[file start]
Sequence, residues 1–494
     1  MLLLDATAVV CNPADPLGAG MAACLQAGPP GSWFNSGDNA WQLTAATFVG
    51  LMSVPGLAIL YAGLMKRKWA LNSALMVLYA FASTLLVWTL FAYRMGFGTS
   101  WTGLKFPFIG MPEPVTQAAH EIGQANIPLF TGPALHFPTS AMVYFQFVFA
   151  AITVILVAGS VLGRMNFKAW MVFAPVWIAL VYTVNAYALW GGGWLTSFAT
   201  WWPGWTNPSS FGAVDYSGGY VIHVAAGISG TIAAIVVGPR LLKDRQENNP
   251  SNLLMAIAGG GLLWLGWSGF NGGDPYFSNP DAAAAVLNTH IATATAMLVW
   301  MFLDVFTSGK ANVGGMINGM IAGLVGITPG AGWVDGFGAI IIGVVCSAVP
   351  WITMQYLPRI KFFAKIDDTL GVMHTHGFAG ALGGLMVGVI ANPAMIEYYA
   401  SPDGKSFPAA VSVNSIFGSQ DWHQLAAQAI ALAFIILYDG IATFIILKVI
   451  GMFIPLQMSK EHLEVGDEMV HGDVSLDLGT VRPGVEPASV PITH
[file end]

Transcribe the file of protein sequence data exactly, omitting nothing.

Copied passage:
Sequence, residues 1–494
     1  MLLLDATAVV CNPADPLGAG MAACLQAGPP GSWFNSGDNA WQLTAATFVG
    51  LMSVPGLAIL YAGLMKRKWA LNSALMVLYA FASTLLVWTL FAYRMGFGTS
   101  WTGLKFPFIG MPEPVTQAAH EIGQANIPLF TGPALHFPTS AMVYFQFVFA
   151  AITVILVAGS VLGRMNFKAW MVFAPVWIAL VYTVNAYALW GGGWLTSFAT
   201  WWPGWTNPSS FGAVDYSGGY VIHVAAGISG TIAAIVVGPR LLKDRQENNP
   251  SNLLMAIAGG GLLWLGWSGF NGGDPYFSNP DAAAAVLNTH IATATAMLVW
   301  MFLDVFTSGK ANVGGMINGM IAGLVGITPG AGWVDGFGAI IIGVVCSAVP
   351  WITMQYLPRI KFFAKIDDTL GVMHTHGFAG ALGGLMVGVI ANPAMIEYYA
   401  SPDGKSFPAA VSVNSIFGSQ DWHQLAAQAI ALAFIILYDG IATFIILKVI
   451  GMFIPLQMSK EHLEVGDEMV HGDVSLDLGT VRPGVEPASV PITH